By on May 16, 2014

pitch

The bases are loaded and the score is tied. Two outs in the bottom of ninth. 3 balls. 1 strike.

You know this pitcher better than you know your brother. The last pitch had almost cleared the left field pole, and the entire stadium. Your swing was as beautiful as Mickey Mantle in his prime. Just a few inches to the right and you would have been on your way to a private party with friends instead of another walk back to the batter’s box.

The catcher signals, and you catch one finger out of the very corner of your eye. Fastball. The pitch comes, right down the middle. It’s almost like a dream and yet, you can’t do anything about it.

The stomach pangs in stress and anguish as the rest of your body remains still. You watch it go past. The thud in the catcher’s mitt. The umpire bellowing, “Stttaaarrriiikkeee!!!” Your manager had told you not to swing and now, you have 50,000 fans booing as you curse under the breath and step away from the batters box.

Will you get a pitch that good again? The pitcher grins as he now knows, his mistake ended up giving him an advantage.

This is how I felt yesterday afternoon. That manager who I wanted to fire was a neighbor who I had bought a car for nearly eight years ago. A four year old Cadillac Seville with only 26,000 miles, a CPO warranty still in effect, and the exact color they wanted for all of $12,600. It was nearly $4000 less than what the nearby dealer had offered for the same type of vehicle. Except his was a year older and had 10k miles with no warranty at all.

For 8 years they had been happy with it being their retirement vehicle. A lot of long-distance trabeling and one of my mechanics ensured that the vehicle would stay in good running order. No Northstar engine issues. A couple of oil leaks around the 100k mark. but nothing out of the ordinary given what it was. They were happy, and I was happy for them.

Then a Solara driven by an idiot decided to make a turn going against traffic and…. bam!…. hospital visit and totaled car.

The good news was that the folks were okay. Bad news? All the airbags did their job and a 12 year old Seville wasn’t a prime candidate for the replacement of this safety equipment and the surrounding sheetmetal. The car was totaled. There was some soreness. An honest apology from the bad driver, and another page for everyone would be turned.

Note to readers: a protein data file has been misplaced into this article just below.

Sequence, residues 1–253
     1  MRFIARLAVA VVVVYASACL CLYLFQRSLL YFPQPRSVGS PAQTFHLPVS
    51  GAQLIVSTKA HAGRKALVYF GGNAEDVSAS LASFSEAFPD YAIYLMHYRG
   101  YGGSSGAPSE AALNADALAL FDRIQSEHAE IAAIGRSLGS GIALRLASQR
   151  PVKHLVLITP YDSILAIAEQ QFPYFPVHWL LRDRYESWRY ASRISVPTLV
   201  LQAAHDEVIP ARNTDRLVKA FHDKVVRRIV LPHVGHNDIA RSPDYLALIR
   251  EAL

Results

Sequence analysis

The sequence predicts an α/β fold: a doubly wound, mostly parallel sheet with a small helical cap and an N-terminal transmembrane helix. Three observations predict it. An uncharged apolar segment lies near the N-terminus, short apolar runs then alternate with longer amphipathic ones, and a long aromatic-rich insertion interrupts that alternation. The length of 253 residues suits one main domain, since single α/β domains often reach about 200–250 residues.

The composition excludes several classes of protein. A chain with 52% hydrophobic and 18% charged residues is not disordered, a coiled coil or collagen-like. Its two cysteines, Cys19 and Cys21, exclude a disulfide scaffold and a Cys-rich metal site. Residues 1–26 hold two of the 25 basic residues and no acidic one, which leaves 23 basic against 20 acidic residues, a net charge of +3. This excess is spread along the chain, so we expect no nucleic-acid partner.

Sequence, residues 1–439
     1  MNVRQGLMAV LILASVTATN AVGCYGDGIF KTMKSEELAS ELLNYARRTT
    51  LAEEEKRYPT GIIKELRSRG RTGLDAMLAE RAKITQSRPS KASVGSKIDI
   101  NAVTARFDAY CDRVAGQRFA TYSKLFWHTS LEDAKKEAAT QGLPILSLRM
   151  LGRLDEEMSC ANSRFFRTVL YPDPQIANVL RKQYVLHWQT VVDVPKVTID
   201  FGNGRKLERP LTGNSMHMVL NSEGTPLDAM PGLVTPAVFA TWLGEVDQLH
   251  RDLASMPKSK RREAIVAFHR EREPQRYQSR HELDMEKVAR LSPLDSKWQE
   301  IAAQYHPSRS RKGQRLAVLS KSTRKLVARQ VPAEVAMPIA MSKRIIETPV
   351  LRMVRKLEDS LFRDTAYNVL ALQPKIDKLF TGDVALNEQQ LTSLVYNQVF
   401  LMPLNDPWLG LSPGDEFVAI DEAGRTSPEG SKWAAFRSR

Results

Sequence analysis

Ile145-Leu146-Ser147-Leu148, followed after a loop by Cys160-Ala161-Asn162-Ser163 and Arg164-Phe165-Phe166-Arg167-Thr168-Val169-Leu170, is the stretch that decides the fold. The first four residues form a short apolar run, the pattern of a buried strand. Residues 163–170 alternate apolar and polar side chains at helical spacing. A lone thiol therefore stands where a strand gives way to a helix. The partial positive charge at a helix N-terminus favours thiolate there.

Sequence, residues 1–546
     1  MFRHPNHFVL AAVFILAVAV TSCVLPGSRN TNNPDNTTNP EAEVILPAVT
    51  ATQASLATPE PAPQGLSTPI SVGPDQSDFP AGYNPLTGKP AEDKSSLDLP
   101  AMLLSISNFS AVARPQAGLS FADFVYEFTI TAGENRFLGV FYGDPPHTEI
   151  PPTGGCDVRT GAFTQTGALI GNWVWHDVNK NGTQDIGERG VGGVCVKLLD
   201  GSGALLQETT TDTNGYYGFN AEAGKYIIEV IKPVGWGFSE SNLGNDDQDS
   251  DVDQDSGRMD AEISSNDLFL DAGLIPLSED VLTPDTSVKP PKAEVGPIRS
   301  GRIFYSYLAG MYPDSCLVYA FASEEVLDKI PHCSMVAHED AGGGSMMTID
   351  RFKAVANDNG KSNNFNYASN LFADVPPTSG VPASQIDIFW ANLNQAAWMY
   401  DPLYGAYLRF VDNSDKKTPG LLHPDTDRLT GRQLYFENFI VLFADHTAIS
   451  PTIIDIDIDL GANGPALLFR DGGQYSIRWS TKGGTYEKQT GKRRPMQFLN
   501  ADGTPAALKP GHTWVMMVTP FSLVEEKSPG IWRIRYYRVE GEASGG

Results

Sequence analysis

I get the call that evening, “Steve, someone just totaled out the car. We’re at the hospital”

“Is everyone OK?”

“Kinda. Our friends are about 80 and they were shaken up a bit. A little sore. But no broken bones. Can you come up to the hospital and pick us up?”

“Sure. I’ll be right there.” I palmed the keys to a nearby 2003 Camry and made my way against rush-hour traffic to the hospital.

It took a couple of hours to get discharged. Since there was no bleeding or dying, there would be a lot of waiting. I parked at a nearby church where my wife teaches Sunday school and made the long trudge to the hospital.

“Is everything OK with ya’ll?”

An older lady was resting on a bed and my neighbors, along with an elderly stranger, were waiting for their turn.

“We’ll be fine. But chances are Manda will need a couple of days of rest before heading back to Ohio.”

I became a good listener for the next half hour. Eventually the subject came to their next car.

“Can you help us find a Malibu?”

Sure, what are you looking for?

“We thought we would get another silver car with leather. Two years old. Maybe around $10,000.”

“I hate to say it, but you’ll be waiting for another two years to get that type of car, if you’re lucky.”

“So what do you think we should get?”

A tricky question, and I had to wait a moment to formulate the right response. These people were conservative in tastes, and I knew that I would be dealing with folks who wanted a showhorse car at the same workhorse price I got eight years ago. That deal was a lightning strike, and the auction market is a lot more competitive in 2014 than it was in 2006.

“Go ahead and when you feel able, just go to a dealership and test drive a few vehicles. See what you like and let me know.”

This turned out to be a blessing and a curse. The blessing is that it shocked them back into the reality of modern day car prices. Everything cost a lot more these days. The curse came from them testing cars with cloth interiors they didn’t like, and leather interiors that they thought were the bee’s knees.

“Can you get us a 2010 Buick Lucerne or LaCrosse for around 10k?”

I sighed with my eyes, “Yes, but the reality is a one owner car that has been maintained at a dealership and has a perfect Carfax goes for a stiff premium at the auctions. If you want to buy a clean car, you have to pay a clean book price.”

I showed them the clean Manheim Market Report prices for those two vehicles.

“Well, we can handle a few dings here and there…”